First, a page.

You Could Owe Capital Gains Taxes on a Security You Never Sold
- Lots of new tax traps designed to rip you off and guilt you for saying NO.
- IRS scams against the public grow into full-scale rip-offs – Here’s the latest!
Stocks normally allow you to enjoy tax deferral on any gains until you actually sell and realize those gains. But in some rare circumstances that could increasingly become more common, you may owe taxes on capital gains you never actually received.
This tax trap springs when a U.S. corporation “expatriates” – reorganizes itself under a foreign parent corporation. The trap was set by Congress in 2003 after a few corporations in recent years had moved overseas to take advantage of lower tax rates. Under a complicated set of new rules, investors became liable for capital gains taxes when a U.S. company they own shares in converts to a foreign company.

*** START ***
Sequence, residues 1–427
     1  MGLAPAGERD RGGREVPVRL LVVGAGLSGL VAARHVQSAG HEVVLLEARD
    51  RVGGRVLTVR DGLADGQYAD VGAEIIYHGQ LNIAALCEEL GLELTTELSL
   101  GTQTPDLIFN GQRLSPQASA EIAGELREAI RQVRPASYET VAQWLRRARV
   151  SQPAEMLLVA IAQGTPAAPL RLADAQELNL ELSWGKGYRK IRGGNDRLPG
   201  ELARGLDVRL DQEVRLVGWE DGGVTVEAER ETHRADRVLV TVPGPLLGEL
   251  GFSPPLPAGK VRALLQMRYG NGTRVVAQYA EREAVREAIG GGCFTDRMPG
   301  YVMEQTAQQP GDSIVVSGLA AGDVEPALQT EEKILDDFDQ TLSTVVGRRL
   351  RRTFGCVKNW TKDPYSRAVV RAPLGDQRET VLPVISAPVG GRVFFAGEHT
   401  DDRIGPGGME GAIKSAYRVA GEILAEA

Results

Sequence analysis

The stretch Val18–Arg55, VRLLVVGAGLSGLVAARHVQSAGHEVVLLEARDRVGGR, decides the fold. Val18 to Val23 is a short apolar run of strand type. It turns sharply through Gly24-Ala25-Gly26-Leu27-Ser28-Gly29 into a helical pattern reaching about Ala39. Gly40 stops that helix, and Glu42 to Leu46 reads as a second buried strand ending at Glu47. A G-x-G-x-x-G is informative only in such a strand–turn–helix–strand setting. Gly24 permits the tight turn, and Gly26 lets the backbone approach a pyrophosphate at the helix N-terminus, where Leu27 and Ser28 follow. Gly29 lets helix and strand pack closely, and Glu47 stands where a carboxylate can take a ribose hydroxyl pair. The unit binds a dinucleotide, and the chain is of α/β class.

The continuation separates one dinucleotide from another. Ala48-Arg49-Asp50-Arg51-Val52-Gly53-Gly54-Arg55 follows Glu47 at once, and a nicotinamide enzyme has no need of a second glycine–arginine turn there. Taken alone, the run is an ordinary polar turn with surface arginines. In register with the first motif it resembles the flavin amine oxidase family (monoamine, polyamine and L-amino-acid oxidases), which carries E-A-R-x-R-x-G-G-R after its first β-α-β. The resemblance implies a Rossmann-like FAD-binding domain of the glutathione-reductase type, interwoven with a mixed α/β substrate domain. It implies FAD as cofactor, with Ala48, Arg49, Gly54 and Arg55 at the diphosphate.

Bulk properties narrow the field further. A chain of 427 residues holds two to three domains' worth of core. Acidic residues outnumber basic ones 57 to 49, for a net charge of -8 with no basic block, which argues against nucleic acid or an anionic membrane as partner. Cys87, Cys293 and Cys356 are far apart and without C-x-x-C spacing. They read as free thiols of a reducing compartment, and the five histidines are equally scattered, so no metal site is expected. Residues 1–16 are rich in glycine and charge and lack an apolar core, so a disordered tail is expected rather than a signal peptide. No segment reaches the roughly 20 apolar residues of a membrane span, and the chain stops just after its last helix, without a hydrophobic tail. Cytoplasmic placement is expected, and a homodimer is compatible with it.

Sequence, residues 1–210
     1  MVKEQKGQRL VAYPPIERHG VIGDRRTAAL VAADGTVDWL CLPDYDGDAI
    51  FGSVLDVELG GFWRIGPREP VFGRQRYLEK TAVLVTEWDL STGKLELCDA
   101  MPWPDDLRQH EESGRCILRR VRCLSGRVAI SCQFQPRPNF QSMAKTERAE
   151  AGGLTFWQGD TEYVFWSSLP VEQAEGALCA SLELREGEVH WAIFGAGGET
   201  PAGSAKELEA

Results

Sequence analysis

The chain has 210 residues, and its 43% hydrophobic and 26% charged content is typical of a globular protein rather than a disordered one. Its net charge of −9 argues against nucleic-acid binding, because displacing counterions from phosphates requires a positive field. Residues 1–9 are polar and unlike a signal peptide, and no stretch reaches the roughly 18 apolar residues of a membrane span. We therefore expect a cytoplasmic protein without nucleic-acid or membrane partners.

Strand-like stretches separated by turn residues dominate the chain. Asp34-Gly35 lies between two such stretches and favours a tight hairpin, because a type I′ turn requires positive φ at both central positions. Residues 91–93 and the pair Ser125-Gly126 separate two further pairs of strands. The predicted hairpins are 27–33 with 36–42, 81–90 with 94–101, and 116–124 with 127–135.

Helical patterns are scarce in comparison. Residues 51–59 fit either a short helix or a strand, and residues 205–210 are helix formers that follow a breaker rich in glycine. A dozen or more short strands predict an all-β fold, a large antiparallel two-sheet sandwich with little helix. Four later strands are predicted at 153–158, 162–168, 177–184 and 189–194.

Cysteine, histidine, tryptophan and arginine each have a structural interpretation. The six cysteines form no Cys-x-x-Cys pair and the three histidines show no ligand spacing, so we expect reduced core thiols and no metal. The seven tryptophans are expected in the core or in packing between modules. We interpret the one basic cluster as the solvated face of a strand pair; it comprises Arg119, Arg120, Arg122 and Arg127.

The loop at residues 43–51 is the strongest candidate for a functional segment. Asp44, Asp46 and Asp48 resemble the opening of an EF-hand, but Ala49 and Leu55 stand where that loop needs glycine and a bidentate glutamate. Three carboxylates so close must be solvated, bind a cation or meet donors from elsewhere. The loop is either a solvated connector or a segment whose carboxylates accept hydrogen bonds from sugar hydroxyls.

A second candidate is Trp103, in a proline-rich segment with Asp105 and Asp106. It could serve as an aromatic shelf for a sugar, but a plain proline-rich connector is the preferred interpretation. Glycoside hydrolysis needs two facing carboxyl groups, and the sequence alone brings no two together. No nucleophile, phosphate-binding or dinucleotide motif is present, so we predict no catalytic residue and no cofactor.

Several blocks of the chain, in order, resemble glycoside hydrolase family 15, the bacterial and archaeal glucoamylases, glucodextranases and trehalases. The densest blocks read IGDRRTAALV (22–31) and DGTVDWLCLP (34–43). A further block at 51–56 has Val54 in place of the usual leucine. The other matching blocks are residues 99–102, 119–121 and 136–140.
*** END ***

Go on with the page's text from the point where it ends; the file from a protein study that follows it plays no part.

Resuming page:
You can reduce your chances of getting hit with a surprise tax on capital gains you didn’t actually receive by holding foreign stocks and/or mutual funds or ETFs in a taxable account instead of individual U.S. stocks. Holding U.S. stocks within an IRA, 401(k), or other tax-sheltered account will shield you from incurring potential capital gains liabilities before you actually take money out.
For those U.S. stocks that you hold or are interested in purchasing, take a look at their Annual Reports and see if any get 25% or more of their revenue from a single foreign country (you can usually find this disclosed in “Segment and Geographic Information” within the Annual Report). A company that gets more than a quarter of its business from another country could potentially do a corporate inversion and remake itself outside the U.S. It’s still only a possibility, but now you can guard against it.